Even these Terrible Maps can teach us something

Despite itself, this collection of awful cartography may just make a few useful observations.

  • Since 2016, Terrible Maps has been collecting, well… terrible maps.
  • They're awful, pointless and stupid, but also funny (and sometimes even instructive).
  • Here are 10 examples. Dive into the Twitter account for hundreds more.
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Mind control using sound waves? We ask a scientist how it works.

Oxford University's Antoine Jerusalem explains the art of ultrasound neuromodulation.

At the moment, non-invasive neuromodulation – changing brain activity without the use of surgery – looks poised to usher in a new era of healthcare. Breakthroughs could include the better management of Parkinson's and Alzheimer's disease, reducing the pain of migraines or even reversing cognitive disorders caused by brain injury.

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Why you should tolerate intolerable ideas

Just because you disagree with something doesn't mean that it isn't true for someone else.

  • Former ACLU president Nadine Strossen argues that without freedom of expression we don't have freedom of speech.
  • With some major college campuses disavowing "dangerous ideas" from certain speakers on campus, this can lead to a slippery slope wherein ideas—and even ways of life—can be marginalized entirely.
  • The Charles Koch Foundation is committed to understanding what drives intolerance and the best ways to cure it. The foundation supports interdisciplinary research to overcome intolerance, new models for peaceful interactions, and experiments that can heal fractured communities. For more information, visit charleskochfoundation.org/courageous-collaborations.
  • The opinions expressed in this video do not necessarily reflect the views of the Charles Koch Foundation, which encourages the expression of diverse viewpoints within a culture of civil discourse and mutual respect.
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A world first: Luxembourg's public transport to be free for all

Luxembourg will offer the world's first fare-free public transit system, but is there really such a thing as a free ride?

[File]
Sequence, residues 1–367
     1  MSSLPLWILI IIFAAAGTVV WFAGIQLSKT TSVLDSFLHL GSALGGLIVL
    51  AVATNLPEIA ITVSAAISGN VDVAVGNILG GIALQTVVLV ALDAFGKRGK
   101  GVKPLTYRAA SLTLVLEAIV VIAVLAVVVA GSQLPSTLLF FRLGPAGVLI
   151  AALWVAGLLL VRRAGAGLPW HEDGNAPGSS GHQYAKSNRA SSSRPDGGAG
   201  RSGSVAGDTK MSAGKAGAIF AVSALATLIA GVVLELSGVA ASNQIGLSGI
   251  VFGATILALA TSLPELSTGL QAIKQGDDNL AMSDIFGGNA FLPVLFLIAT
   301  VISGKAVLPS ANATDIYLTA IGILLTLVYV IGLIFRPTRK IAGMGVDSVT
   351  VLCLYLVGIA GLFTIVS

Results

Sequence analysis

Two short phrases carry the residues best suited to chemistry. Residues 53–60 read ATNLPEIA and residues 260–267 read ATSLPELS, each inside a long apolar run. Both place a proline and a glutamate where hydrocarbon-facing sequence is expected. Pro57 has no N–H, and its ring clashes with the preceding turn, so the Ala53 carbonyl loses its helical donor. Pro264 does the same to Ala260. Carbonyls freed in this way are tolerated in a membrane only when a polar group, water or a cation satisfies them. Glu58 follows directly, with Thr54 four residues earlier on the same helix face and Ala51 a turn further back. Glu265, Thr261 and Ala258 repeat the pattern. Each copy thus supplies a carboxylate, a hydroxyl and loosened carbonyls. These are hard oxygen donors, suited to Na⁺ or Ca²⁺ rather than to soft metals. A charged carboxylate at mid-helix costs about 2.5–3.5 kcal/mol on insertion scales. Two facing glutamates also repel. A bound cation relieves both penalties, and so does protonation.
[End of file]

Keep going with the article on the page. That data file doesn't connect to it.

(Photo from Wikimedia)
  • To combat congestion, Luxembourg aims to become the first country to implement fare-free public transit services.
  • Other European nations are considering similar courses, but across the pond the United States continues to fumble its public transportation to deleterious effects.
  • Luxembourg's goal is noble, but it will have to overcome historic trends showing such fare-free systems rarely work in the long run.
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How the marketplace of ideas went rogue

Opinion ruined journalism and Facebook killed truth—but there's a way to make it right.

  • The marketplace of ideas is a better metaphor than it's intended to be, notes Eli Pariser. As any good economist will tell you, the best product doesn't always rise to the top.
  • The institutional gatekeepers and experts who once kept checks and balances on the marketplace of ideas have been replaced by social media algorithms that reward emotion and outrage over expertise and truth.
  • How can media institutions like Facebook make this right? By reevaluating the business model that serves advertisers instead of readers, and by clearly stating their values—even if that means losing some of those 2 billion users.

The Charles Koch Foundation is committed to understanding what drives intolerance and the best ways to cure it. The foundation supports interdisciplinary research to overcome intolerance, new models for peaceful interactions, and experiments that can heal fractured communities. For more information, visit charleskochfoundation.org/courageous-collaborations. The opinions expressed in this video do not necessarily reflect the views of the Charles Koch Foundation, which encourages the expression of diverse viewpoints within a culture of civil discourse and mutual respect.